The potential of stem cells to modulate the inflammatory response has generated considerable interest in their therapeutic use in the treatment of inflammatory diseases. Stem cells contribute to the resolution of inflammation by differentiating into specialized cells that can repair damaged tissue. Potential sources of stem cells for use in treating inflammatory conditions are embryonic stem cells, induced pluripotent stem cells and mesenchymal stem cells.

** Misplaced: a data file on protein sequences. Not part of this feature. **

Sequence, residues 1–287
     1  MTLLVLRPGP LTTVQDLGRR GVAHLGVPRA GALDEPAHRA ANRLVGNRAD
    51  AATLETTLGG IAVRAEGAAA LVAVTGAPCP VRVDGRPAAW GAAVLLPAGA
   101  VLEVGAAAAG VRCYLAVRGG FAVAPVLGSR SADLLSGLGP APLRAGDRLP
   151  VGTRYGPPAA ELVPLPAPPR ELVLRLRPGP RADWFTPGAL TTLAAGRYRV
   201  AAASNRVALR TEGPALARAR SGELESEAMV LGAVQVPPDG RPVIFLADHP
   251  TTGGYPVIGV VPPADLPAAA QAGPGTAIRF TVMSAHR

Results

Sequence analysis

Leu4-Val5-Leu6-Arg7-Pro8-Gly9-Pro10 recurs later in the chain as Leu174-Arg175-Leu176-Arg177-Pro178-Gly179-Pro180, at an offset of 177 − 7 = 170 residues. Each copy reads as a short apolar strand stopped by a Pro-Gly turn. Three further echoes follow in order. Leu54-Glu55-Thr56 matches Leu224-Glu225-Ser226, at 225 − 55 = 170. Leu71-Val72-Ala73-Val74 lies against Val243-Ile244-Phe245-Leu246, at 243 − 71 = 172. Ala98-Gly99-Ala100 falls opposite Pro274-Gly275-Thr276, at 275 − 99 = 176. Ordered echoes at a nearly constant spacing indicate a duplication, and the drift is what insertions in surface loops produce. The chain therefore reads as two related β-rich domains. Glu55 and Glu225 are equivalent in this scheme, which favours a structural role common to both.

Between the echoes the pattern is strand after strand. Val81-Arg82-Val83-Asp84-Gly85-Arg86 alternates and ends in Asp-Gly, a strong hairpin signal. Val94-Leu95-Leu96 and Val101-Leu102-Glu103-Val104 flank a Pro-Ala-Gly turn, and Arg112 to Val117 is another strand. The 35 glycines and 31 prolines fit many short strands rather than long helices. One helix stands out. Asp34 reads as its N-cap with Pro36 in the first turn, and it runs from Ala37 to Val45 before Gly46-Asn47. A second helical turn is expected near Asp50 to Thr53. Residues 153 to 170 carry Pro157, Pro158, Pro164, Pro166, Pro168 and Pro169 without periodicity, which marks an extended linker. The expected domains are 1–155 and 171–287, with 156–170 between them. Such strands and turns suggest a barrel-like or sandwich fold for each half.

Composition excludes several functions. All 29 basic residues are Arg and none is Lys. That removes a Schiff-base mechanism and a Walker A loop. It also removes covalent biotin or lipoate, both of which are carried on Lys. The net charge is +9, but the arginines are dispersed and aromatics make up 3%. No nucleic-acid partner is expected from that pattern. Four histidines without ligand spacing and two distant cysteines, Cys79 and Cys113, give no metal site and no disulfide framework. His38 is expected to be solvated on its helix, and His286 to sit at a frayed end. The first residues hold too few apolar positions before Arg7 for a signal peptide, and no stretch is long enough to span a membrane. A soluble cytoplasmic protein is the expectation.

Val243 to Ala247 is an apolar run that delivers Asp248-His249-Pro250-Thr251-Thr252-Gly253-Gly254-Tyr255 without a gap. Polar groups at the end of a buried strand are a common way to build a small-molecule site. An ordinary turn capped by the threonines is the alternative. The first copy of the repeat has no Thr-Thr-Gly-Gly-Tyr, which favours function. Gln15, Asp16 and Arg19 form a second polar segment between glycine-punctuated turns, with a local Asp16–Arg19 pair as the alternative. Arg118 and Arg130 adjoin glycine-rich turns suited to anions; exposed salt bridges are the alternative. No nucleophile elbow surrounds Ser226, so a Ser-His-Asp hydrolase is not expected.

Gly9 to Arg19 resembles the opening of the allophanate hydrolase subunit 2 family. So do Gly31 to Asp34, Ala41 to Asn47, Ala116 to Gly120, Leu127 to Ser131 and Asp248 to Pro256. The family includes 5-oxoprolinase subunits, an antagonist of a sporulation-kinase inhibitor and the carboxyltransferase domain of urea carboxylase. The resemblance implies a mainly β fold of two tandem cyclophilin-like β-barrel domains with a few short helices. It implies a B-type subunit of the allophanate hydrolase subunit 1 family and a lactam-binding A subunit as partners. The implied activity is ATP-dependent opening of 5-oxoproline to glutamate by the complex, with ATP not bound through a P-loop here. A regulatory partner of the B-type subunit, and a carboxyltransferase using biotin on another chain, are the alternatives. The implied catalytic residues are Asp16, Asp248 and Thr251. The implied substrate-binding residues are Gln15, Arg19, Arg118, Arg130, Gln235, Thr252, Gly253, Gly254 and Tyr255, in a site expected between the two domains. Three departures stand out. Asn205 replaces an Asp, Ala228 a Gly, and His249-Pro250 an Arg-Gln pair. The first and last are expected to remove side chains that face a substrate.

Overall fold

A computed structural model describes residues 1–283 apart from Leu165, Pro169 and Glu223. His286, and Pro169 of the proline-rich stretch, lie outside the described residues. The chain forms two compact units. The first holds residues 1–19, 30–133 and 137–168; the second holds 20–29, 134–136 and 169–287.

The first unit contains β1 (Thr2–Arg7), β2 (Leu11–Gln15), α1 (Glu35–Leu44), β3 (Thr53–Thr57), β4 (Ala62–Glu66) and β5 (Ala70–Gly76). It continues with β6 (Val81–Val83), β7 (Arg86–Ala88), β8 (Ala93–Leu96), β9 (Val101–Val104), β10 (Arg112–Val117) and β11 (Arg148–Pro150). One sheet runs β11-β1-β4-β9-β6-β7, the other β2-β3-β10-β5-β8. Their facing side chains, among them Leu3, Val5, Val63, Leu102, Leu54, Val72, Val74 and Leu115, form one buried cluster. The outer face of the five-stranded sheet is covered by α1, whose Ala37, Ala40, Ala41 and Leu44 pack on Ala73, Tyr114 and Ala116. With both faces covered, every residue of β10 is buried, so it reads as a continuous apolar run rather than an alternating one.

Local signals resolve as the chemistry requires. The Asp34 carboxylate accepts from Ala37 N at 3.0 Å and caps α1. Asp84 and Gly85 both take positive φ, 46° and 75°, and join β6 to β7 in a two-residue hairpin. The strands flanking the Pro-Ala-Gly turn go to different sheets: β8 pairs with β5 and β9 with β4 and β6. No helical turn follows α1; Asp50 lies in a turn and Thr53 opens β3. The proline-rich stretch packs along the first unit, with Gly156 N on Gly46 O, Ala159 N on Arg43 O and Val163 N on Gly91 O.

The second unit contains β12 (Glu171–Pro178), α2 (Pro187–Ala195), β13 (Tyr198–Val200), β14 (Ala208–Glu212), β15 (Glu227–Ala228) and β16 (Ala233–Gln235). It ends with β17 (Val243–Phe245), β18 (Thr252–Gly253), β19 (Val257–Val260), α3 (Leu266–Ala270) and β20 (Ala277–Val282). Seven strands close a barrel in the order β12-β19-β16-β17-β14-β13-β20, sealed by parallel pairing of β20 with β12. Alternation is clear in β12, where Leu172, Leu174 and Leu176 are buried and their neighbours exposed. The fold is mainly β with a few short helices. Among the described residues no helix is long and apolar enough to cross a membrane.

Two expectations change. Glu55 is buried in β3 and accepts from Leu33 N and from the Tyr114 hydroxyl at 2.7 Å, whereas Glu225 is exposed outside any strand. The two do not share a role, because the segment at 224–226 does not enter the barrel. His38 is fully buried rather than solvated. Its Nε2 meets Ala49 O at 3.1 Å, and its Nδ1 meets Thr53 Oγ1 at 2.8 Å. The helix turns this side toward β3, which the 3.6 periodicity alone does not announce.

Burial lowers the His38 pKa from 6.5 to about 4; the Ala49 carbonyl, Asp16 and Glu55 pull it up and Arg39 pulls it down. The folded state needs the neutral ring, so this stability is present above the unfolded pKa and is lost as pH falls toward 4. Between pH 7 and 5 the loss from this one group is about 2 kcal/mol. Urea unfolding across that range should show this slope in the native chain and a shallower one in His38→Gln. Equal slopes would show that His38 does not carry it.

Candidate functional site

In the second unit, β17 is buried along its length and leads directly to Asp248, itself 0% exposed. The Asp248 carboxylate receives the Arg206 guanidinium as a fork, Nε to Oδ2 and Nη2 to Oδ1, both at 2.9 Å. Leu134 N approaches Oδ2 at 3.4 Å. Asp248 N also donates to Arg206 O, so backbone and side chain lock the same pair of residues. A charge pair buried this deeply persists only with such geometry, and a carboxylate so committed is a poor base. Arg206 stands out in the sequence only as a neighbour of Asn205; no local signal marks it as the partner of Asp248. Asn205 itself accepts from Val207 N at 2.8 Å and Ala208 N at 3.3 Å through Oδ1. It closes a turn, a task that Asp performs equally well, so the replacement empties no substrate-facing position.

The ability of stem cells to home to sites of injury and modulate the local inflammatory response has been demonstrated in a number of studies. Stem cells do not contribute to the development of chronic inflammation. In addition, the use of stem cells to deliver anti-inflammatory cytokines or other immunomodulatory agents directly to sites of inflammation has shown promise in the treatment of a variety of inflammatory conditions such as rheumatoid arthritis, Crohn’s disease and Multiple sclerosis. The use of stem cells in the treatment of inflammation is still in its early stages, and much work needs to be done to elucidate the mechanisms by which stem cells modulate the inflammatory response and to optimize their therapeutic use. Nevertheless, the potential of stem cells to reduce inflammation and promote tissue repair offers promise for the treatment of a wide variety of inflammatory diseases.